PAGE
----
Not all the Aldermen partake in the city’s health plan. Some have plans of their own through their job. If they do participate, it’s the GIC-which sucks.

  9. Shannon says:

    Lets not talk about how much our alderman make. In cambridge their council people make $70,000 and have an assistant. So, our alderman make 25,000 and have full time job. We have great alderman.

  10. j. connelly says:

    Wow the city saves $7-$9 million this year alone. Over the decades with layoffs/staff reductions (except for hackdom positions which increased)
    the city Saved hundred$ of million$..

    Did our taxes go down..NO! Did they refill any of the positions lost..NO!
    Why…Because the elected officials only know how to spend those saved dollars instead of paying down debt.

    You can bet that the $7-$9 million dollars saved this year on insurance will be wasted for a “pet project” or to assist one of the mayor’s “developer buddies”

    On Joe’s Lynch’s Real Estate Special on SCAT pushing Maxwell Green,
    The developer offers the mayor use of their gym facilities, a gross ethical violation. You did not see the mayor decline the offer! Somerville has a history of doing this and it will continue until the feds crack down on them.

  11. j. connelly says:

    Cambridge is a whole different ballgame. Their mayor is basically an honorary title for ceremonial purposes. Their City Manager runs the city along with their City Council, which puts in a lot more time than our Aldermen. Our Aldermen who do a fair job when not rubber stamping the mayor’s requests. No part time job should pay more than $24,000 a year. Especially when they are repeatedly saying we are hurting financially and that is apparently not going to change for the next several years according to the finance experts.

    Cambridge also gets payment in lieu of taxes from the tax exempt universities in their city, $18+ million dollars. Somerville does not.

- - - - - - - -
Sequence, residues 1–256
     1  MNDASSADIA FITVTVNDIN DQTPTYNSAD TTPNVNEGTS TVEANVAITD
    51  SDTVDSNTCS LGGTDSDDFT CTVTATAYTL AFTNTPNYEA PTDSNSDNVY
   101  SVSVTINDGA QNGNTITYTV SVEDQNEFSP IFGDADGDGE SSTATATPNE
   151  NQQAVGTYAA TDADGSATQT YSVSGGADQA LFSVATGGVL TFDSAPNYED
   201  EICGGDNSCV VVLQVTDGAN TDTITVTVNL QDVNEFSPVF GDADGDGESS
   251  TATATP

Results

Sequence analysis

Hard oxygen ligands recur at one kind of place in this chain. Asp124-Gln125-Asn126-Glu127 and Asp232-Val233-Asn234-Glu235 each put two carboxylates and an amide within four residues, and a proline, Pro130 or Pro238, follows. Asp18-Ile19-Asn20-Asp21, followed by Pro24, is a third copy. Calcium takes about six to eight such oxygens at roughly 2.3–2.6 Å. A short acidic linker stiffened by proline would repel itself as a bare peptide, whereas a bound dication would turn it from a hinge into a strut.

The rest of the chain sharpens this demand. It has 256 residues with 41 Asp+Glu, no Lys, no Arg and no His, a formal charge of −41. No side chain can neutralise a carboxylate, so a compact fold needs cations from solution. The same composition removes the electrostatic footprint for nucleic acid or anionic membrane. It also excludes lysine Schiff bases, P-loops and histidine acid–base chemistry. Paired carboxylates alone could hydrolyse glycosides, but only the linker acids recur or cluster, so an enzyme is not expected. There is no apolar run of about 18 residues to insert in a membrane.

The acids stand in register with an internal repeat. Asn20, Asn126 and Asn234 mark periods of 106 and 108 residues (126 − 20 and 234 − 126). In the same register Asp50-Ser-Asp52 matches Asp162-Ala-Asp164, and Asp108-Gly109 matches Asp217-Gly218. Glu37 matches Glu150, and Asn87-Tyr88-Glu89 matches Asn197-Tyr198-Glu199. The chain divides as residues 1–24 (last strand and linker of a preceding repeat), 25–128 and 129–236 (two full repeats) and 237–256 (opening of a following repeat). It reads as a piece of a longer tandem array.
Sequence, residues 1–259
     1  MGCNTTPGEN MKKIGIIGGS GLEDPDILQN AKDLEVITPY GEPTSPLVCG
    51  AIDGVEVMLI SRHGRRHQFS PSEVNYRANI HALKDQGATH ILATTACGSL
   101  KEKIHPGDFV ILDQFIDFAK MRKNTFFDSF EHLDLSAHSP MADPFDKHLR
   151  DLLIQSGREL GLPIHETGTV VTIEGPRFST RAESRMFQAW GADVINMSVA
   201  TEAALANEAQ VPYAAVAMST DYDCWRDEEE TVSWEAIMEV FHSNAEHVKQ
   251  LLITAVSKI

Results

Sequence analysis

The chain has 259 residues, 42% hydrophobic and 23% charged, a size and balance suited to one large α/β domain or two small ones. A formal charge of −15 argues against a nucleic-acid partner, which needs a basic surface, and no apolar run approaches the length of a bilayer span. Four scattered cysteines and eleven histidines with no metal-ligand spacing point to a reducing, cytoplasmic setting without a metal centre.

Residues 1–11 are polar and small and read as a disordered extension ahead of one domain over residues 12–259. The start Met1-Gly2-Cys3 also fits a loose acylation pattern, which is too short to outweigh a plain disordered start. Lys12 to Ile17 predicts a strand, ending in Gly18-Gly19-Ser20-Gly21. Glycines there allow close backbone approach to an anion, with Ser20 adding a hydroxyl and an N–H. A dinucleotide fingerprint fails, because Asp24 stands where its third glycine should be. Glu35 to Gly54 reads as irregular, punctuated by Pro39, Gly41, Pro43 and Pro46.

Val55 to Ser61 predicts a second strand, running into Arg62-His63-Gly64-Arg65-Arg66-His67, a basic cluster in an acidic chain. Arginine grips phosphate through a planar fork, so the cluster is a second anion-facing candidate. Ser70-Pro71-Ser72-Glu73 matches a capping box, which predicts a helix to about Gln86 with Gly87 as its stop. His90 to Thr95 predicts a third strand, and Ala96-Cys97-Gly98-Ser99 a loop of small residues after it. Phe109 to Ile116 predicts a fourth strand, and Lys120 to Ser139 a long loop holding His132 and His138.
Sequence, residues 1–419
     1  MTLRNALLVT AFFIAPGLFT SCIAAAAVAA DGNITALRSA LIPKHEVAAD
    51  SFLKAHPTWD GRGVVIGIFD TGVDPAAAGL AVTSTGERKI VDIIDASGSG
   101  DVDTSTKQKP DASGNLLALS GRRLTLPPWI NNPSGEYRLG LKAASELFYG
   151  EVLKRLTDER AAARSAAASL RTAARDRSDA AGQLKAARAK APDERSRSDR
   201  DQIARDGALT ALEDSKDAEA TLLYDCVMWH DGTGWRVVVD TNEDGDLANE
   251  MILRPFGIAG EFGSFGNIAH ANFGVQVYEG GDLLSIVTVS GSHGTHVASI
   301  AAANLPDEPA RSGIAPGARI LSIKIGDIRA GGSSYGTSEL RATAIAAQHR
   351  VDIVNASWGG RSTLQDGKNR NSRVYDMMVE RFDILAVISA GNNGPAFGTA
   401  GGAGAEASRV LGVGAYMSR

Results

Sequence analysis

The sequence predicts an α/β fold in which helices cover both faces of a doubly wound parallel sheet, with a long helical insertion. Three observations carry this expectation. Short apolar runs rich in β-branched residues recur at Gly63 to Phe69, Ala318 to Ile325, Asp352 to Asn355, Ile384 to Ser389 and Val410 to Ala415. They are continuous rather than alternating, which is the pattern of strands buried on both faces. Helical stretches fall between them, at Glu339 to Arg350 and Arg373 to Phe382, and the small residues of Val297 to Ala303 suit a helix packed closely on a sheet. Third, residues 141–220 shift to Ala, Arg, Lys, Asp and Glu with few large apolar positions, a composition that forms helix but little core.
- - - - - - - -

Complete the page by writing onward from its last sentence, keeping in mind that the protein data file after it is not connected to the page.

The “T” used to plow/sand the city streets that their bus routes operated on in the winter, Broadway, Medford St., Highland Ave, Somerville Ave, Elm/Holland Sts., etc. Which at least assisted the snow removal costs. Today they do not, except for maybe their bus turnaround at Clarendon Hill.

    So there is no real legitimate comparision.

  12. MarketMan says:

    Perhaps we need to look into a full time city council. How does some one working part time, with a potentially full time job on the side, do an adequate job?

  13. The Wizard says:

    Joey Cupcakes sure took care of himself in the pay raise department. Is he going to give his BFF JR a raise also?

  14. j. connelly says:

    you can bet when the mayor was at one of the BOA meetings & they went into “Executive Session” session they were working on how to get this through.
    When politicians go into “Executive Session” you know it’s just a ploy to get something done that will benefit themselves.
    Look at those “sessions” in D.C. where our members of congress were getting “insider trading” info on what stocks & real estate deals to get into…they have all become millionaires while on our payroll.